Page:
It is often said that you must work with the men you have, not the men you want. Understood also is the notion that there are certain creatures of necessity when dealing with difficult circumstances. Often it is the case that when governments become insanely oppressive, the need for effective action becomes paramount. One organizing principle useful for rallying the necessary personnel and putting them into the field, which is misunderstood by the majority of people, is known as Leaderless Resistance.
Pyramidal structures are the typical hierarchical organizing principle that everyone is familiar with to some degree. The cell system of leaderless resistance (LR) is completely different in that the cells (composed of either individuals or small isolated teams) do not possess the external leadership that comprises the usual chain of command (keep in mind though that a small team cell does possess internal leadership). A unity of common purpose is valued over the unity of a large organization.
Proponents of LR heavily emphasize its advantages when attempting to appeal to potential recruits. Possibly its best characteristic lies in its utter secrecy. As long as discretion and prudence are considered the better part of valor, sufficient privacy can be maintained for the safety of all personnel. Insulation from other cells is a valuable trait, in that if one (or more) cells were taken out by the enemy, or otherwise compromised, all the others would still be operationally capable, thus rendering them difficult targets. Flexibility is another significant aspect, since without the accompanying bureaucratic procedures (which has always been the bane of formal organizations), the LR cells can adapt to rapidly altering circumstances in the field. Another major advantage of LR lies in its simplicity; even the most civilian of political dissidents can understand LR and apply it towards creating and sustaining cells very quickly.
There are some potential user errors that can emerge whenever anyone attempts to use the LR cell concept that bears critical examination. Outside of an operation, the standard operating procedure (SOP) is that all members are equal; however, during an operation, there is a single leader whom all the other members voluntarily obey. Pursuant to their SOP, cell members must make decisions through consensus (generally, without the utility of parliamentary procedure). Problems with cell formation and sustainment fundamentally stem from those individuals with Type A personalities who compete with each other for permanent leadership of the cell; it cannot be stressed enough that the fault here lies with the personnel’s failure in application, not the concept itself. This, more than any other phenomenon, is what leads to both a notorious lack of discipline as well as cell members infighting, instead of collaborating with each other in a constructive manner against the enemy; lacking a third-party arbiter to settle such matters renders any effective remedy extremely difficult.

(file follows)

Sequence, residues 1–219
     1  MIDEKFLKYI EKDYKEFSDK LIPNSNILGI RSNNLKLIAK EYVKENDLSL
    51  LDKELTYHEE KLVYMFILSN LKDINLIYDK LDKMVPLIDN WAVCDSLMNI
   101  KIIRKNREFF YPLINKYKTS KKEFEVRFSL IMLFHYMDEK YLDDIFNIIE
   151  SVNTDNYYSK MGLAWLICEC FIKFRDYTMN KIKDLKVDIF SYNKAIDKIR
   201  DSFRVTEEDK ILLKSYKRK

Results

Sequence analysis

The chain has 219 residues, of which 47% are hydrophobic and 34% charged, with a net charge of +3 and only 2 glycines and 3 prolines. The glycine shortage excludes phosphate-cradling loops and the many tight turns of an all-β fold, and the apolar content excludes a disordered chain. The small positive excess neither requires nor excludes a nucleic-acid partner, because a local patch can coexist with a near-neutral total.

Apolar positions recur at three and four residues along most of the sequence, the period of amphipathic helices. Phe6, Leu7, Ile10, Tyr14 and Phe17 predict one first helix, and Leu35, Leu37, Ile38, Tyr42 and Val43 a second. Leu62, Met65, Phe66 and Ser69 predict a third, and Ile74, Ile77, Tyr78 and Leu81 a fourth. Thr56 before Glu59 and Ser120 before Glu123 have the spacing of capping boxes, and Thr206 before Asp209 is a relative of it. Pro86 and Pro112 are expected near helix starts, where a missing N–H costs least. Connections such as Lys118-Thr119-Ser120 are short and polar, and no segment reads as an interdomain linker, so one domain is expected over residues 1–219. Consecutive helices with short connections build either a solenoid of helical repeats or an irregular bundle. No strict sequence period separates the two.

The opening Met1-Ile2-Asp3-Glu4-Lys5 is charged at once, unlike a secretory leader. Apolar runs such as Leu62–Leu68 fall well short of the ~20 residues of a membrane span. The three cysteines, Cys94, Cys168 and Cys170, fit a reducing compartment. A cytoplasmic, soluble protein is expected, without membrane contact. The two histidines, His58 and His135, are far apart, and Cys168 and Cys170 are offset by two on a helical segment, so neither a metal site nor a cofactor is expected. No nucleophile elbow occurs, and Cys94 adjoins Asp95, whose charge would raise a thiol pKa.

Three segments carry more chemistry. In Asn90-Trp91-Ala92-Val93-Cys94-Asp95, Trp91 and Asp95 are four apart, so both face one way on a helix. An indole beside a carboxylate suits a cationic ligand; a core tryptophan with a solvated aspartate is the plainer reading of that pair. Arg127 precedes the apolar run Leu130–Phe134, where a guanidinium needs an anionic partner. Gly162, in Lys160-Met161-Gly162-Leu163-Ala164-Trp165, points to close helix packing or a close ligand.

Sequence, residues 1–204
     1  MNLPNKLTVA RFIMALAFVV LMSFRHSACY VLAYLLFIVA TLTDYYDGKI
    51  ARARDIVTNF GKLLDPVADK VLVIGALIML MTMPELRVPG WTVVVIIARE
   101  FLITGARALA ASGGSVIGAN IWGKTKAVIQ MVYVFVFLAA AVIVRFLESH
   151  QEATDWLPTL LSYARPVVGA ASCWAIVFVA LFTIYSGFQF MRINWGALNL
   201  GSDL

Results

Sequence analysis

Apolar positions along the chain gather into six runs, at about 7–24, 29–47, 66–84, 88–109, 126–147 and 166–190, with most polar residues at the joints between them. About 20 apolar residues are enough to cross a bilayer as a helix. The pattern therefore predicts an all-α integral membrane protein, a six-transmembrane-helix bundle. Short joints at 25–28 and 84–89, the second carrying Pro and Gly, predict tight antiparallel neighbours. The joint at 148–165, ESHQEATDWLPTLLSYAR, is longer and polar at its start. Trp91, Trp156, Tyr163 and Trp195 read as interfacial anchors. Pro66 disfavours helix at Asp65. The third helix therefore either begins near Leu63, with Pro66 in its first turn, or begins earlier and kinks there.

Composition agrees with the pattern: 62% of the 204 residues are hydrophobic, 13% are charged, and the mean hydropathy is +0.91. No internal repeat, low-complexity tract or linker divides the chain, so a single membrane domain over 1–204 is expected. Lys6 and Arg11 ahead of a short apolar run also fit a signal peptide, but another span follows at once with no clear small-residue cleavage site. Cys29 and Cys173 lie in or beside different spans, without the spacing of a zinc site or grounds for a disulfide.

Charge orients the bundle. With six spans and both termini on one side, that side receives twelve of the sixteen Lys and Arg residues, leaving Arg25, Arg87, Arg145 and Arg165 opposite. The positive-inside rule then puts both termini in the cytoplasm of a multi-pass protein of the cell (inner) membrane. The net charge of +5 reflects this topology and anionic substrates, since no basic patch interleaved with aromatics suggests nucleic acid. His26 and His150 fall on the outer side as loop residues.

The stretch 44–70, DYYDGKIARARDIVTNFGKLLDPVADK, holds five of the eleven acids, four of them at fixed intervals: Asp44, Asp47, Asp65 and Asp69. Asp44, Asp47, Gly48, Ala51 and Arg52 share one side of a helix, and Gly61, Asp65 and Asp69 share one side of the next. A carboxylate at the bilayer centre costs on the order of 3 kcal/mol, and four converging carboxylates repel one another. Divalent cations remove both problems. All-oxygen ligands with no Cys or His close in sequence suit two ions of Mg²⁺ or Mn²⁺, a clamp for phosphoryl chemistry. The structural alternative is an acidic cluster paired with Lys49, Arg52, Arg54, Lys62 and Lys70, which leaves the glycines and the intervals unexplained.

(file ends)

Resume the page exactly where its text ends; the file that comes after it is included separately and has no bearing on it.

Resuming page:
Considering all this, leaderless resistances have worked during even the most contentious periods of history. The Sons of Liberty were highly active in the late 18th century against the British Crown, provoking and engaging in ever increasing acts of aggravation against the empire. The Committees of Safety (the formal organizing structures) were kept apart from the Sons as their perceived complicity in covert actions would hurt the cause for American independence. The French Maquis of World War II were initially composed of those fleeing the Vichy French draft that provided forced labor for Germany; literally, they were a rag tag band. Of course, they were eventually integrated into the Conseil National de la Résistance (National Counsel of the Resistance) since they had been aggregated into the Free French Forces already.
It would behoove the political novice to realize that establishing and running any form of a leaderless resistance is much easier said than done. An extremely high level of trust between good quality personnel in an isolated team is necessarily vital for even marginally effective operations. The lone cell must be disciplined enough to seek appropriate training and accomplish his objectives punctually. It can’t be emphasized enough that leaderless resistance is a means to an end, and not an end in itself. Even for those desirous of formal leadership and organization, LR is a necessary precursor to that, for without the ability of previously isolated cells to cooperate with each other on larger operations, there can be no realistic expectation than a formal external chain of command would be any more effective in attaining much of anything.